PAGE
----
Take heed that none of you fall into a persecuting spirit through your zeal for the gospel. A good woman may be intensely zealous, and for that reason she may say, “I will not have a servant in my house who does not go to my place of worship.” I have known landlords, wonderfully zealous for the faith, who have therefore turned every Dissenter out of their cottages, and have refused to let one of their farms to a Nonconformist. I do not wonder at their conduct; if they are zealous, and at the same time blind, they will naturally take to exterminating the children of God. Of course, in their zeal they feel as if they must root out error and schism. They will not have Nonconformity near them, and so they get to work, and in their zeal they hack right and left. They say strong things and bitter things, and then proceed to do cruel things— very cruel things— verily believing that, in all that they do, they are doing God service, not thinking that they are violating the crown rights of God, who alone is Lord of the consciences of men. They would not oppose the will of God if they knew it; and yet they are doing so. They would not willingly grieve the hearts of those whom God loves, and yet they do so when they are browbeating the humble cottager for his faith. They look upon the poor people who differ a little from them as being atrociously wrong, and they consider it to be their duty to set their faces against them, and so, under the influence of the zeal that moves them, which, in itself, is a good thing, they are led to do that which is sinful and unjust. Hence the apostle, after he had felt the weight of the stones from the hands of the Jews, prayed that they might be saved; for if they were not saved, their zeal for God would continue to make murderers of them.

     Another reason why we long to see the zealous converted is this—because they would be so useful. The man that is desperately earnest in a wrong way, if you can but show him his wrong, and teach him what is right, will be just as earnest in the right way. Oh, what splendid Christians some would make who are now such devotees of superstition! Despite their superstition, I look upon many High Churchmen with admiration. Up in the morning early, or at night late, ready to practise all kinds of mortifications, to give their very bodies to be burned, and all their substance in alms, ready to offer prayers without number, and to be obedient to rites without end — -what more could external religion demand of mortal men? Oh, if we could get these to sit at Jesu’s feet, and leave the phylacteries and the broad-bordered garments, and worship God in spirit, and have no confidence in the flesh, what grand people they would make!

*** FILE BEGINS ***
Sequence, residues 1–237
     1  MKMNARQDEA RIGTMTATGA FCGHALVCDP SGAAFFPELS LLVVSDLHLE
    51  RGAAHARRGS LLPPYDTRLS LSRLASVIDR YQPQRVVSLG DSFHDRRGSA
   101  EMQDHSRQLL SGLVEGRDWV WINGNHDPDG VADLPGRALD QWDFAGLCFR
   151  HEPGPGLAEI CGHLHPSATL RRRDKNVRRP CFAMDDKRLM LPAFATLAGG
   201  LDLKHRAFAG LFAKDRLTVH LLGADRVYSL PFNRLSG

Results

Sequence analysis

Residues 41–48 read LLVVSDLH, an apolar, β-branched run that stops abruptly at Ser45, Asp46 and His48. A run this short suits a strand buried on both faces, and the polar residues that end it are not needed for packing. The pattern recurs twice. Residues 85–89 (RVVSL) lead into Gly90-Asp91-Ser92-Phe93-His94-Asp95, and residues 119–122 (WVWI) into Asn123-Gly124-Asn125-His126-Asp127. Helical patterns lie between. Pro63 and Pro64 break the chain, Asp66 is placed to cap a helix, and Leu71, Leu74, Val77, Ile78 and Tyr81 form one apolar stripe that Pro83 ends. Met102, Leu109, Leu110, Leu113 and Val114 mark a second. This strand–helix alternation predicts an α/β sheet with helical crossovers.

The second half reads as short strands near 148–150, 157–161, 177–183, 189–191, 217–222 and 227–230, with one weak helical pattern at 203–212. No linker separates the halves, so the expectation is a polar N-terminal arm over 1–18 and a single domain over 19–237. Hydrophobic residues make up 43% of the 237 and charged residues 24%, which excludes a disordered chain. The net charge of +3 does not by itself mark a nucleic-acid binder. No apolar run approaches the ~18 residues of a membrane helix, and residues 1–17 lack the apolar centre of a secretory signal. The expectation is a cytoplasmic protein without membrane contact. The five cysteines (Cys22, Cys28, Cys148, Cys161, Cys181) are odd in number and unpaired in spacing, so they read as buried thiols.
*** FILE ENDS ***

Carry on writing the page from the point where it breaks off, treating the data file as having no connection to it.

See what Paul himself was, when, counting all he had valued so dear to be but dung, he quitted it, and began to preach salvation by grace alone. While he flew over the world like a lightning flash, and preached the gospel as with a peal of thunder, he loved, he lived, he died for the Nazarene, whom once in his zeal he had counted to be an impostor. Brethren, pray with all your might for zealous but mistaken persons, who have a zeal of God, but not according to knowledge.

     Once more, we are bound to make these people the subject of specially earnest prayer because it is so difficult to convert them. It requires the power of God to convert anybody really; but there seems to be a double manifestation of power in the conversion of a downright bigot when his bigotry is associated with dense ignorance and gross error. “Oh,” says he, “I do that which is right. I am strict in my religion. My righteousness will save me.” You cannot get him out of that. It is easier to get a sinner out of his sin than a self-righteous man out of his self-righteousness. Conceit of our own righteousness sticks to us as the skin to the flesh. Sooner may the leopard lose his spots than the proud man his self-righteousness. Oh, that righteousness of ours! We are so fond of it. Our pride hugs it. We do so like to think that we are good, that we are upright, that we are true, that we are right in the sight of God by nature; and though we be beaten out of it with many stripes, yet our tendency is always to return to it. Self-righteousness is bound up in the heart of a man as folly in the heart of a child. Though thou bray a fool in a mortar among wheat with a pestle, yet will not his self-righteous folly depart from him. He will still stick to it that, after all, he is a good fellow, and deserves to be saved. We must, therefore, in a very special manner pray for such, seeing that self-righteousness is a deep ditch, and it is hard to draw him out who has once fallen into it. Prejudice, of all other opponents, is one of the worst to overcome. The door is locked. You may knock as long as you like; but the man will not open it. He cannot. It is locked, and he has thrown away the key. You may tell him, “You are wrong, good friend”; but he is so comfortably assured that he is right, that all your telling will only make him the more angry at you for attempting to disturb his peace. O God! who but thou canst draw a man out of this miry clay of self-righteousness? Therefore do we cry to thee, of thy great grace, to do it. For these and many other reasons those who have a zeal for God, but not according to knowledge, must have a chief place in our importunate prayers.